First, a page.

Opening the exhibition with a tribute to Otto Wagner is in itself upending history, as Sottsass is deeply associated with postwar Italian design. Yet his beloved architect father, with whom he worked early in his career, trained in the tradition of Wagner, a member of the Viennese Secession. And out of that group’s experimentation in art and design emerged the Wiener Werkstätte, which in turn influenced the Bauhaus, perhaps the most seminal movement in early modern design. Larsen draws exciting links between the visual preoccupations of those groups, especially in regard to black-and-white patterning, and Sottsass’s own work and that of members of the Memphis Group and his young admirers today. Through such connections, says Meyers, “you see how Sottsass pushed [design] forward. That is one of the greatest accomplishments any designer can have — tying the past with the present to take you into the future.”
Although modernism was part of his heritage, Sottsass never embraced its ahistorical claims. In his view, its use of colors, shapes and patterns was not new but ancient and archetypal. In his late 20s, Sottsass explored the design of the East, especially traditional Japanese architecture, with its dramatically different domestic configurations, and then looked west, to the bold promise of America. Shortly after his father died, in 1956, he spent a few months working in the New York studio of George Nelson, forming a close friendship with the gifted designer and writer. “I learned that architecture and design was not about being more or less …‘original’ or ‘creative,’ ” Sottsass later wrote, but “that it was about understanding where society was headed.”
Larsen illustrates Sottsass’s fascination with the ways in which humankind recycles and reinvents design archetypes by showcasing ancient amulets, reliquaries, lingams and stupas from the Met’s collection, along with the work of such giants of art and design as Adolph Gottlieb, Frank Stella and Frank Lloyd Wright and such rising stars as Millie Behrens and the Canadian duo known as Oeuffice. There is a special section devoted to his glass pieces inspired by Navajo kachina dolls, which he first spied in George Nelson’s home. And aficionados will be thrilled to see five brightly colored, towering totems from Sottsass’s landmark 1967 Milan gallery show, titled significantly “Menhir, Ziggurat, Stupas, Hydrants & Gas Pumps.” In these ceramic works and his strikingly patterned and monolithic Superboxes, also from the late 1960s, which were designed to stand in the middle of the room and store all the possessions of the new “youthquake” generation, you can clearly see visual tropes that would effloresce into Memphis.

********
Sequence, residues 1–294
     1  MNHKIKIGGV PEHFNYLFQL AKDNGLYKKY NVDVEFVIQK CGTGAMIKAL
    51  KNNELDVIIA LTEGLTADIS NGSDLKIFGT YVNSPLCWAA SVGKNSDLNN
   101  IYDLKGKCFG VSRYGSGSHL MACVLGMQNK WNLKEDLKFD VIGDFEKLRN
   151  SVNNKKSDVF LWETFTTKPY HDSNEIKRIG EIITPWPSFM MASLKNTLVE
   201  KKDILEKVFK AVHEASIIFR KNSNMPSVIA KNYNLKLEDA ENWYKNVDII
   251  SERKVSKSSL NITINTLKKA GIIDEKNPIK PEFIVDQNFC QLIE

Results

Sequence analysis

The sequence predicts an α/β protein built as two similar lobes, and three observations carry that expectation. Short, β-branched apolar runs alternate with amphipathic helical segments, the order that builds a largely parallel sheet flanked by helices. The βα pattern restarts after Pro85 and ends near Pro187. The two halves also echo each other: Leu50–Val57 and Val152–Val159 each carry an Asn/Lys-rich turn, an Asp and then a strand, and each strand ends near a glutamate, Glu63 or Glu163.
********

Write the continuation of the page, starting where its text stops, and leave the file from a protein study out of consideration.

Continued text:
The exhibition closes by reaffirming Sottsass’s place in the proud tradition of modern Italian design. The last piece of his on display — shown beside works by two giants in that tradition, Giò Ponti and Piero Fornasetti — is the 1992 Societies on This Planet bed. A slender if ornate pear-wood and laminate berth, it’s expansive in its references, alluding to the tower of Rapunzel; the neoclassical flourishes of Ponti; and the triclinium, the chaise longue ancient Romans reclined on when dining. By this point, you might wish to collapse in that bed, overwhelmed by the kaleidoscopic new vision of design history that Larsen has presented.